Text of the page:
“Your old road is rapidly agin’
Please get out of the new one
If you can’t lend your hand
For the times they are a-changin’” – Bob Dylan
Acting ‘ethically’ leaves a lot to interpretation. Ethicality is an entirely subjective concept and as such every individual will have different views of what constitutes ethical behaviour, which has been shaped over the years through parenting, the place they grew up, the people they associate with and the media that they are exposed to as well as many other factors. As current broader society is a bubbling pot of different held belief systems, it may seem like a safer option for companies to try and stay away from potentially ostracising an audience. This blog will explore some examples of companies aligning themselves with moral causes as well as some market insights which may make you decide to fight the good fight.
The trend of companies rallying by moral causes is becoming more and more prevalent as a marketing strategy to appeal to audiences, and it’s working, Google searches containing “ethical online shopping” have increased by 600% year on year compared to 2020. A very clear indicator that ethical consumption is an increasingly popular concept. It seems that this trend is going to get more and more popular as Earth slips faster and faster into a hellscape of our own making. The chances are you know that climate change is a very real threat that is already having adverse effects on weather and ecosystems. And the reality of the situation is that a large proportion of the blame can be attributed to private companies. According to a Stacker (2020) article, just 90 companies are responsible for nearly two thirds of historical greenhouse gas emissions from 1880 to 2010. This is pretty staggering as a concept, and it really does put into perspective. But that doesn’t change the fact that ethical facing companies are viewed with more trust, and as such consumers are more willing to buy from a company that appears to be trying to help positive change. A great example of such a company is Ecosia, which is a search engine that uses a portion of its revenue generated from running ads to plant trees. Since the company’s inception in 2009 it has funded the planting of over 135 million trees!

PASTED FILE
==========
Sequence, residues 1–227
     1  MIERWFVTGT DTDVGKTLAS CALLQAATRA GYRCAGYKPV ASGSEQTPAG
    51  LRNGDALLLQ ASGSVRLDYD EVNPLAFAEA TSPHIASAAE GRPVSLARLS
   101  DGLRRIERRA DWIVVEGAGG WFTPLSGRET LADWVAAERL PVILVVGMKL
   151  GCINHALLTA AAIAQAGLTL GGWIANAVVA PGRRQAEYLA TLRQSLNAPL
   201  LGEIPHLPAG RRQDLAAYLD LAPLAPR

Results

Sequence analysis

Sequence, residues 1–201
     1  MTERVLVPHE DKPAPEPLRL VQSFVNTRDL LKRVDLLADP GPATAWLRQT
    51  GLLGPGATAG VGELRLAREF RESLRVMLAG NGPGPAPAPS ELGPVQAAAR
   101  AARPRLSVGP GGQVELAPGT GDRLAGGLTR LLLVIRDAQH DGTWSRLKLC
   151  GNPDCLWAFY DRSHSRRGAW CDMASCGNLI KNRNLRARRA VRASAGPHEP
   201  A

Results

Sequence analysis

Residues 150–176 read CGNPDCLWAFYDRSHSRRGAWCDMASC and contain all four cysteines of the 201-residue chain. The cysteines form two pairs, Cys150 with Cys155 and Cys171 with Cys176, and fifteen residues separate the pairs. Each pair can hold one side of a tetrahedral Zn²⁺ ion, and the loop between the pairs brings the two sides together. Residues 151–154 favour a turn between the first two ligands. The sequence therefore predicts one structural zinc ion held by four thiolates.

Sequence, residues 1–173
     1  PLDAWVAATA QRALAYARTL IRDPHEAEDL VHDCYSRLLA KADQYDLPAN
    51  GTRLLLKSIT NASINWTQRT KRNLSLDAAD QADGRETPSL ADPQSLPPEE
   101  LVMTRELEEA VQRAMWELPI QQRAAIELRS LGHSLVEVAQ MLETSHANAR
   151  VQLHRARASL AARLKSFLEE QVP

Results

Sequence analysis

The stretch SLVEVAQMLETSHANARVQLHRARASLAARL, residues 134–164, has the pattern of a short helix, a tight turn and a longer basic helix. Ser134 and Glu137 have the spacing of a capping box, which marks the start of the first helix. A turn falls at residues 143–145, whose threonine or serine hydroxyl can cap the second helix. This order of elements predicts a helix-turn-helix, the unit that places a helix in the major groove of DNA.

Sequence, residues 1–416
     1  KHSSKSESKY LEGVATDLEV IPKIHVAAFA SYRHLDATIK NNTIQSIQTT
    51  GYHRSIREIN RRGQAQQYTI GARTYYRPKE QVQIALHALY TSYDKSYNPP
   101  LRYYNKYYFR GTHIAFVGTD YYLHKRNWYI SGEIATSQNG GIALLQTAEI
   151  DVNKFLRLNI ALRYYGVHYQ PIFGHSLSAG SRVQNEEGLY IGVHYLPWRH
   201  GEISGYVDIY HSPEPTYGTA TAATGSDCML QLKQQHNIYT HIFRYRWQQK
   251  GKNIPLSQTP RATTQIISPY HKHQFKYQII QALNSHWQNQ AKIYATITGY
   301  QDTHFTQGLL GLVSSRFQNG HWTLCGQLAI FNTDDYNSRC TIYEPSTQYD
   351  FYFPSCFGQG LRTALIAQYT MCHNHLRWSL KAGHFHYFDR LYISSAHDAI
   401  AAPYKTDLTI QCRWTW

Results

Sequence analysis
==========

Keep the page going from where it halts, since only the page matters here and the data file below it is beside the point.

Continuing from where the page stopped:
Climate change isn’t the only ethical cause that companies are aligning themselves with. Social justice is a term hated by some, but what it inherently represents is treating everyone with value and respect. A prime example of a company aligning themselves with the fight against discrimination is Nike. Nike released a 2018 marketing campaign with former NFL quarterback Colin Kaepernick, who was ejected by the NFL after kneeling during the national anthem in a protest of police brutality against minority communities in the USA. The move sparked outrage and backlash from many. Leading them to boycott Nike and leading some people to go as far as burning their own previously bought Nike shoes and merchandise. This may sound like a big issue on Nike’s part and leads into the fear mentioned earlier about alienating a portion of your potential customer base. When you consider the fact that Nike’s overall value increased by 6 billion dollars because of the campaign, the issue begins to look a lot smaller. All the media attention given to Nike through the whole ordeal was better marketing than they could ever hope for, with the brand being exposed more than ever across news sites and social media.
The current market trends don’t lie, people can be more selective than ever when considering engaging with a firm. To build a connection with customers and solidify a loyal ongoing relationship then value and convenience are something most companies claim to offer. One sure fire way to stick out in the crowd and really build a solid foundation of trust with your customer base is to operate as an ethical company. This can let your customers feel as though they are vicariously contributing to positive change by shopping with you.